"The S&P 500 celebrated the shift in tone in the economic data, posting a solid 8.5% gain in March (its best monthly performance since an 8.6% gain in October 2002).
"Now the focus has shifted to whether or not positive second-half growth will provide the base for a solid recovery next year. There is plenty of fiscal and monetary stimulus in the pipeline, but the headwinds and risks highlight that the recovery will be fragile. Much will depend on the apparent success or failure of the bank stress tests and the Treasury's plan to relieve banks of their legacy assets. Both are wild cards that could reverse the recent improvement in investor sentiment. Moreover, consumer fundamentals remain grim due to high debt levels, falling home prices and massive payroll cuts.
"Bottom line: A bottoming in growth suggests that we have seen the lows in the equity market, but a sustainable uptrend may take time to develop and could be very choppy."
Source: BCA Research, April 3, 2009.
News N Economics: Federal mortgage relief programs - troubling statistics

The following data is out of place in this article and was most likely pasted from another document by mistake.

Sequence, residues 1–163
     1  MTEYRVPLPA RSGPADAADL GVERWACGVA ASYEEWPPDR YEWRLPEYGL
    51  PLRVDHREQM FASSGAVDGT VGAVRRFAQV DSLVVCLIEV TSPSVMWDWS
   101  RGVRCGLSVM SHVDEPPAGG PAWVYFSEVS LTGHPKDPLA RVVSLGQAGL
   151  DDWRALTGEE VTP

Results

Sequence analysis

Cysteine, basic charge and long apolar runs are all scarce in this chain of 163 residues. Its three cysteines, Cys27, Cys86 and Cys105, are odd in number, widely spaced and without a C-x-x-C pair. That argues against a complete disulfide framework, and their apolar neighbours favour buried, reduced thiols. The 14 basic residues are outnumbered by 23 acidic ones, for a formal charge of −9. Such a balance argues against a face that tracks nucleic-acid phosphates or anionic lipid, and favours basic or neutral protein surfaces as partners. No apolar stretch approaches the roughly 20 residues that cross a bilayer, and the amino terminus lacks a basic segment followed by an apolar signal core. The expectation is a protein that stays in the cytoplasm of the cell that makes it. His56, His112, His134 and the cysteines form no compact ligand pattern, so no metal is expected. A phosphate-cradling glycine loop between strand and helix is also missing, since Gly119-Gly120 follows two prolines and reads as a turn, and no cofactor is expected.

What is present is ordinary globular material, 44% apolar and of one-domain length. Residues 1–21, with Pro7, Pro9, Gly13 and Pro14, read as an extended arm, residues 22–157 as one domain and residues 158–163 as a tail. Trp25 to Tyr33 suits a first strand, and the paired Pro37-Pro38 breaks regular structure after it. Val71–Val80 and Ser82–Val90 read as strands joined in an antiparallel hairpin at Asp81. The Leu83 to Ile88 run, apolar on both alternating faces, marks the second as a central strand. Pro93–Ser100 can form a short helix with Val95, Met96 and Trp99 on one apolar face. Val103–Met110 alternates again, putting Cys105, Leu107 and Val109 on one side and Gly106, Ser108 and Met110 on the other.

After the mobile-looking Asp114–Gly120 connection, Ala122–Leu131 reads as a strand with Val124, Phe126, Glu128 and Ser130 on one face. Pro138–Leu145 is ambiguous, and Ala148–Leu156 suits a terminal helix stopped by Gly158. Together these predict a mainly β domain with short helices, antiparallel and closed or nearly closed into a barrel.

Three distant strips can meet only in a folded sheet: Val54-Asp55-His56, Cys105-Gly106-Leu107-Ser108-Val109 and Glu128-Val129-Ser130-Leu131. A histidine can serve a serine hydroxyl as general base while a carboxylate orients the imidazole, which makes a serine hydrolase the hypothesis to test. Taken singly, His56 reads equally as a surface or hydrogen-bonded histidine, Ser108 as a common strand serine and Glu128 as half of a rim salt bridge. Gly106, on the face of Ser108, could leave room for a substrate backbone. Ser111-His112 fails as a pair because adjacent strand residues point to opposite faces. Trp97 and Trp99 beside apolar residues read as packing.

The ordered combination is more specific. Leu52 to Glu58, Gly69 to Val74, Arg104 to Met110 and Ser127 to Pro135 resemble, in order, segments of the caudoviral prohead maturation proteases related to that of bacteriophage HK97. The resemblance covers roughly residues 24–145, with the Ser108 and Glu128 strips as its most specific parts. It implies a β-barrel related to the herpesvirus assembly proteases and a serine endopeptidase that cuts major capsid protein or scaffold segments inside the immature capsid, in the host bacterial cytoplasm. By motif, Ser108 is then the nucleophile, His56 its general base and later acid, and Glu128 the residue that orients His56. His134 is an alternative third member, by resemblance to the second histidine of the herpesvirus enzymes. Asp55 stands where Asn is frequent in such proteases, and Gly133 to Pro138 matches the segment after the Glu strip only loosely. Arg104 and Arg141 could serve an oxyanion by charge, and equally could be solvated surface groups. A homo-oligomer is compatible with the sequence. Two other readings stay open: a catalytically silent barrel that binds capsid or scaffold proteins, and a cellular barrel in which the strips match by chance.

"Delinquency rates are surging, up 7.88% in the fourth quarter of 2008 (Q4 2008) according to the Mortgage Bankers Association (MBA). Both the quarterly change and the share of delinquencies are the highest since the series was first measured in 1972. Furthermore, troubling statistics at the Office of Thrift Supervision show that government interventions through Q4 2008 have failed to halt mortgage default rates.
"Delinquency rates are making records across all loan types, with prime delinquencies hitting 5.1% in Q4 2008. The delinquency data include loans that are at least one payment overdue and not yet in the foreclosure process; clearly some of these loans will enter the foreclosure process soon.
"Foreclosures in 2008 were up 225% since 2006, and according to the delinquency rates, that number is set to worsen in 2009."
Source: Rebecca Wilder, News N Economics, April 6, 2009.
News N Economics: Failed bank list surprises - consolidation?